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Friday Afternoon Cider

Tina Hartell

As anyone who lives in the area knows, this has been an extraordinary year for apple production. It started back in glorious May where there were weeks of dry, warm weather and the apple blossoms stayed on the trees longer than anyone could remember. Trees were humming with pollination. Then there was a month of rain in June which allowed the fruit to set, followed by two months of heat. A “perfect storm” of apple-ness. 

By late-September hundreds and even thousands of fruit were perched in each tree. Branches were drooping - literally breaking - with the weight. 

One medium-sized apple is approximately 95 calories of energy. If one tree has even 500 apples (low-ball estimate on the big trees for sure), then it has around 47,500 calories available to humans, turkeys, bears, coyotes, deer, squirrels, mice, blue jays, and people: what a gift! Sugar is especially needed during a time of year when everything in the area is hoping to get fat immediately. 

Two weeks ago, the Bobo’s crew went on a cider mission. It was time. First, we gathered every large container we could find and then joined forces with Skye’s sister, Carrie, who runs Quoyburray Farm in Weston. She has a number of mature apple trees. Our method was simple: drive up to a tree with the truck, climb the tree, shake the tree like a bear, collect the apples that fall on the ground, load apples into truck. We did this to four or five trees on her farm and collected, what appeared to us, to be around 30 bushels of apples. Not a bad morning’s work.

I found out that a bushel of apples weighs 42 lbs and contains approximately 84 large apples or 168 small apples. If we take the average of the two, we collected about 3800 apples or 1250 lbs. 

A few days later, we took our weighted-down truck over to the Saturday Nite Cider Company in Andover (the next town over). Saturday Nite is run by Jim and Randi Keith who aren’t yet themselves old-timers but are old enough to know how to do things right. Over the years they put together an amazing cider press that is pure Vermont: smart systems made with ingenuity, thrift, and flair.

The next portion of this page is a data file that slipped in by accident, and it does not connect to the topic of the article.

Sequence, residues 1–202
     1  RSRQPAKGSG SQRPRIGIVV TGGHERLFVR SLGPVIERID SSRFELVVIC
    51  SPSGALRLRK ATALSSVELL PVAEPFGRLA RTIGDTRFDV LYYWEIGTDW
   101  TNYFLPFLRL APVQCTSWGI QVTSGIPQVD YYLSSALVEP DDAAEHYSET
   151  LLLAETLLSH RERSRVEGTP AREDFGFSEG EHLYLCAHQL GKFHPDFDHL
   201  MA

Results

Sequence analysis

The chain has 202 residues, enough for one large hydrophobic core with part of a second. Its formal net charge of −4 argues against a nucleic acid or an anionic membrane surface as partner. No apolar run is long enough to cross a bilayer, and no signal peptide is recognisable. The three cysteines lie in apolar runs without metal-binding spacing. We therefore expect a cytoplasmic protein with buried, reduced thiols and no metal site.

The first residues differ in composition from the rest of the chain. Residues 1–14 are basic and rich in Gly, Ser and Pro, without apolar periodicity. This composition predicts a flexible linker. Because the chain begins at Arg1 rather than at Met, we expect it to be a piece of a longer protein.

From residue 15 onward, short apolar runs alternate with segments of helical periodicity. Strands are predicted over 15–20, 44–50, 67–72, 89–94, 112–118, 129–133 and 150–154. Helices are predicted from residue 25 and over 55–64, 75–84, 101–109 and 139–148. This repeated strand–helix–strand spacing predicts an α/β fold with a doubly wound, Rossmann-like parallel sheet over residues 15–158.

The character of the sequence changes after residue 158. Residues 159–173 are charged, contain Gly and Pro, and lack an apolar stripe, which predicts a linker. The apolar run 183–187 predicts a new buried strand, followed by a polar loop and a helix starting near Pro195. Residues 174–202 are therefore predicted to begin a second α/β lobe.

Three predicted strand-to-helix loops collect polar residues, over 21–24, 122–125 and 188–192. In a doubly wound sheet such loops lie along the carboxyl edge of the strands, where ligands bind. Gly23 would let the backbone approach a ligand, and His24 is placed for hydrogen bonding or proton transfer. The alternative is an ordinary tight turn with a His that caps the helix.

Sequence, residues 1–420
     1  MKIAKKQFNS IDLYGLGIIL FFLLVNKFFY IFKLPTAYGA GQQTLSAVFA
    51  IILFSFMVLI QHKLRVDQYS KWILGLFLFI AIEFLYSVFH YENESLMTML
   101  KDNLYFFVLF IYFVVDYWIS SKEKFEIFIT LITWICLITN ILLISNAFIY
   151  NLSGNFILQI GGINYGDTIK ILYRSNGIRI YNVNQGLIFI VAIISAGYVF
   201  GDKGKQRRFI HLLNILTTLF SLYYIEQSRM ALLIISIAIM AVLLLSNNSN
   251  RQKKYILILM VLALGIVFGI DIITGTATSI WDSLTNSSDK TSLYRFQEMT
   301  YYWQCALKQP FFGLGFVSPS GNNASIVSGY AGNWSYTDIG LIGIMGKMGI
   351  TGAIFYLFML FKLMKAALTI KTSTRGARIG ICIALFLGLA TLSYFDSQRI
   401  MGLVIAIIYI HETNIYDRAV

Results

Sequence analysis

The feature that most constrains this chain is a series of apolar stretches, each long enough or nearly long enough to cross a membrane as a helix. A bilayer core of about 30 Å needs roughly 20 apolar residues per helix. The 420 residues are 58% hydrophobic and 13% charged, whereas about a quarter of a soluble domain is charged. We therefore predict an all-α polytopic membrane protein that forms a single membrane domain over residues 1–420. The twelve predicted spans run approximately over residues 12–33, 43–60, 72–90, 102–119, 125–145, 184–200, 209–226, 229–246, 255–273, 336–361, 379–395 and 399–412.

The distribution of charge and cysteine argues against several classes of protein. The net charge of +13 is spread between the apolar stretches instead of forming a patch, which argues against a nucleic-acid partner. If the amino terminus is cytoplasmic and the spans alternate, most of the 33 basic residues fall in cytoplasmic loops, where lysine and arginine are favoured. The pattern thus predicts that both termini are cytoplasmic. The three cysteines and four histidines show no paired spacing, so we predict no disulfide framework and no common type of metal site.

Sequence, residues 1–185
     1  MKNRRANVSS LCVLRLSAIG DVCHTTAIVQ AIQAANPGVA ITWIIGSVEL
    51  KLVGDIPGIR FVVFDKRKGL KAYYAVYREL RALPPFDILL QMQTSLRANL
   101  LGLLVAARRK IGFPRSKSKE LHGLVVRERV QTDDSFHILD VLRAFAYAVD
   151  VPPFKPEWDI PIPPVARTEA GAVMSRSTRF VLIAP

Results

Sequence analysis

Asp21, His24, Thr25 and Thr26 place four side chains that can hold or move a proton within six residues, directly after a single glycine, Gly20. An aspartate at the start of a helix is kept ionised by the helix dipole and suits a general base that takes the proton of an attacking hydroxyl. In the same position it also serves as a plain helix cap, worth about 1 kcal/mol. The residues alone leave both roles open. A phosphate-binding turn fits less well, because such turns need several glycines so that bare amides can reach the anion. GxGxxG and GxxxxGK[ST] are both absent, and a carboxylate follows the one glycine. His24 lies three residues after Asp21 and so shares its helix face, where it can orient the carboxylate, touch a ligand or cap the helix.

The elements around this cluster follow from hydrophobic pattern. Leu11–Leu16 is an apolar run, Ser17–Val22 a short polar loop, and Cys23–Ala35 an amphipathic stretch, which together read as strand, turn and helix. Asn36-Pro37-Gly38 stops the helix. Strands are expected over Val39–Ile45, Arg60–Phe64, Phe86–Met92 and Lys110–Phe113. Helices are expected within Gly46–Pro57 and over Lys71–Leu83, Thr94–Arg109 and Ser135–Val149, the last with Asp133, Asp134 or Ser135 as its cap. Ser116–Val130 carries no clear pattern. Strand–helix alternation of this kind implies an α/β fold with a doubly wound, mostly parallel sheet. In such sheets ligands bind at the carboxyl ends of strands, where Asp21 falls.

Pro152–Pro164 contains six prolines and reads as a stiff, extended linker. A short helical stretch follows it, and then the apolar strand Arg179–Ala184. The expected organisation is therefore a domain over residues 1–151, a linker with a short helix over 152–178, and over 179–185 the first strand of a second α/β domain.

The cider press at Saturday Nite Cider Company

The cider press at Saturday Nite Cider Company

There, we pressed those 3800 apples into 106 gallons of delicious cider in 4.5 hours. Split between two families, this will keep us in drinking cider for a year plus extra to make into apple cider vinegar and some that will “go bad” on our counter then bottled. 

The beginning of the press where apples are sorted and washed.

The beginning of the press where apples are sorted and washed.

The apples go down the shoot into this shopper where they then travel up the conveyer belt

The apples go down the shoot into this shopper where they then travel up the conveyer belt

After traveling the conveyer belt, the apples end up in the grinder and get turned into a mash. The mash drops down onto a stainless steel table, wrapped in burlap/canvas. and put into a stack of four with wooden slats in between. Then a hydraulic pump presses a steel plate down onto the stack of mash juicing it. The juice drains through a filter into a 15 gallon holding tank.

After traveling the conveyer belt, the apples end up in the grinder and get turned into a mash. The mash drops down onto a stainless steel table, wrapped in burlap/canvas. and put into a stack of four with wooden slats in between. Then a hydraulic pump presses a steel plate down onto the stack of mash juicing it. The juice drains through a filter into a 15 gallon holding tank.

Finally a small pump transfers the cider to a canner where we bottle (and drink) it.

Finally a small pump transfers the cider to a canner where we bottle (and drink) it.

The final product!

The final product!